John Cowan wrote:
> Frank da Cruz wrote:
> > If MIME is an interchange standard, then yes, it would be wrong.
> > What is the point of codifying the internal storage format of
> > different computer architectures in an interchange standard?
> MIME's design wrt character sets reflects the "just-send-8-bits" chaos
> that prevailed before it. MIME is a "meta-interchange standard"
> from the charset viewpoint: it allows easy registration of character
> sets, and emphasizes proper labeling rather than the use of a minimal
> number of charsets.
> This is important because of considerations of repertoire. Since
> CP1252 has a larger repertoire than 8859-1, representing it using only
> fully standardized 8-bit charsets would require a far clunkier ISO
> 2022 solution. Instead, proper labeling means that those who
> understand CP1252 can directly use its complete repertoire.
And those who can't receive incomprehensible gibberish, or worse.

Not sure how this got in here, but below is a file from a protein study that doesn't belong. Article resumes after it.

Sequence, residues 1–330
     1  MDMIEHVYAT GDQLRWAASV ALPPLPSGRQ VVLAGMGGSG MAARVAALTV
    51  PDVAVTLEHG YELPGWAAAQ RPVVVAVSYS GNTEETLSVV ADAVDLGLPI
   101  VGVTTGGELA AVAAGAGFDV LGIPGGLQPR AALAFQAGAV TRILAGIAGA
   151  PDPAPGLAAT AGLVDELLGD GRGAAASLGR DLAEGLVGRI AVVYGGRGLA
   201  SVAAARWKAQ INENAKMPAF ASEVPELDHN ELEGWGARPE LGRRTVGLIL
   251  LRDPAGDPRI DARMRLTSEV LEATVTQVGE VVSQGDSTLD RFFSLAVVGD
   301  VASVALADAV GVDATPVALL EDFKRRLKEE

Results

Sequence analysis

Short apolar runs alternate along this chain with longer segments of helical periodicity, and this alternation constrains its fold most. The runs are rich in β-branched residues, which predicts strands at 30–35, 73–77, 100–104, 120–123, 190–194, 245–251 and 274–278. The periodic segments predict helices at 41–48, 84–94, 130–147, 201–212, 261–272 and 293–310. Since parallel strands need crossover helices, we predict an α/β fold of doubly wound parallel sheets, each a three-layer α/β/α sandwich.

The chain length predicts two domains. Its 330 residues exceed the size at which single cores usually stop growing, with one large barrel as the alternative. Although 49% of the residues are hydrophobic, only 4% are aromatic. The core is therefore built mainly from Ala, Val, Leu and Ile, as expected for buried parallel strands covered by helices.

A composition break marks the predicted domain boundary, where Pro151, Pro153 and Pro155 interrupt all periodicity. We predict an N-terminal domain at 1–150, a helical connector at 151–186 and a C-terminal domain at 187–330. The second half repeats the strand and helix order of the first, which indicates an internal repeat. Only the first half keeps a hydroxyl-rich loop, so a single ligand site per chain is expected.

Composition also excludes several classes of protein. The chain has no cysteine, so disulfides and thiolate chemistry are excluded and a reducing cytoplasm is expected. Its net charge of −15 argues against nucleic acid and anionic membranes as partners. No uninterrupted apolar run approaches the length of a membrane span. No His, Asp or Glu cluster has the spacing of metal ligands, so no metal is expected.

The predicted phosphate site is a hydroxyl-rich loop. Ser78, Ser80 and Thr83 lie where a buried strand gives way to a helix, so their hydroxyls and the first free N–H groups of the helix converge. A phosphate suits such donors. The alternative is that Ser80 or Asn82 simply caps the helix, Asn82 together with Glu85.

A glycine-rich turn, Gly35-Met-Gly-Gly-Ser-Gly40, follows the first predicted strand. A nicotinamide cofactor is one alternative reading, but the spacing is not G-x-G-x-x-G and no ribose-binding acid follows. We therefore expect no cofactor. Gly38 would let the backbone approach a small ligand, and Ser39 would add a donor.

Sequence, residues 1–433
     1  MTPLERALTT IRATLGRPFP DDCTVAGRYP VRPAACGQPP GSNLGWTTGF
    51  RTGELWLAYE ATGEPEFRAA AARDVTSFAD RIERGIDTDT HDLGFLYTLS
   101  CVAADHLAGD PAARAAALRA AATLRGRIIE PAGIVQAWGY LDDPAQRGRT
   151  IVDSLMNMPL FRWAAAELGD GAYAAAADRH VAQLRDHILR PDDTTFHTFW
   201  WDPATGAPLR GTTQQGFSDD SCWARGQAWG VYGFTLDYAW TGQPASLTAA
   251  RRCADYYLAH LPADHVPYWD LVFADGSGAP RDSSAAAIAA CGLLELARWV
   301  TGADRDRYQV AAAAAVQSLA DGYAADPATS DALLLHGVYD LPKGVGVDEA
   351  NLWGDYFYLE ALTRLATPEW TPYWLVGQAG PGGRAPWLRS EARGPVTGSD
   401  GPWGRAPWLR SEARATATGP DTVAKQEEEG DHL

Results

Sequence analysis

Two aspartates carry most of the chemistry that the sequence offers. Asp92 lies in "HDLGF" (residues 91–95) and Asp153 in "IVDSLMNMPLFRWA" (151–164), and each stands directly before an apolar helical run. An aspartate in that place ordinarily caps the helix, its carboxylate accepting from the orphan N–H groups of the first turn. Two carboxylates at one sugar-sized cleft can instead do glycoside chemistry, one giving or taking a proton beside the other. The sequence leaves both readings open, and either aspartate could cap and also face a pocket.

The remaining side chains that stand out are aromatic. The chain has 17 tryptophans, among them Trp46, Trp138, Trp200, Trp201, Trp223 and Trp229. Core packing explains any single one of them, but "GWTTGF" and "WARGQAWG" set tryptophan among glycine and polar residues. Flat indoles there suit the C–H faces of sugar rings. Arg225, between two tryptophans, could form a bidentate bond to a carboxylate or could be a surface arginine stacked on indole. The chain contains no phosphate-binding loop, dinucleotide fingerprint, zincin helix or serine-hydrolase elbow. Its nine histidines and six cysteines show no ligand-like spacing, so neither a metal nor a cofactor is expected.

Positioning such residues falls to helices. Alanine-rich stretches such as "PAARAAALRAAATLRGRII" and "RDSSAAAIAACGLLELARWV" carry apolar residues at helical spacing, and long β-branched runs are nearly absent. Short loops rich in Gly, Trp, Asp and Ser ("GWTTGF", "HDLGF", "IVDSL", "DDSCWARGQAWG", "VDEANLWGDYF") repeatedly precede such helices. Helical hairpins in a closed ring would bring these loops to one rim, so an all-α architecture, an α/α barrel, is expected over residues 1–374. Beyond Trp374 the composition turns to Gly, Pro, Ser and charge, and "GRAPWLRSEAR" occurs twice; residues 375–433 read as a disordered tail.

The ISO prohibition on graphic characters in the C1 range is not a
mindless caprice. It is there for all sorts of reasons. For example,
if you try to use a PC or Apple code page in data communications, it
tends to jam the machinery.
In any case, this approach punishes those who adhere to standards and
rewards those who violate them. Which makes the standards process
irrelevant. We should care about this because Unicode is a standard
> This is quite orthogonal to the point about UTF-16.
Agreed -- we are way off on a tangent and should stop, as Patrik
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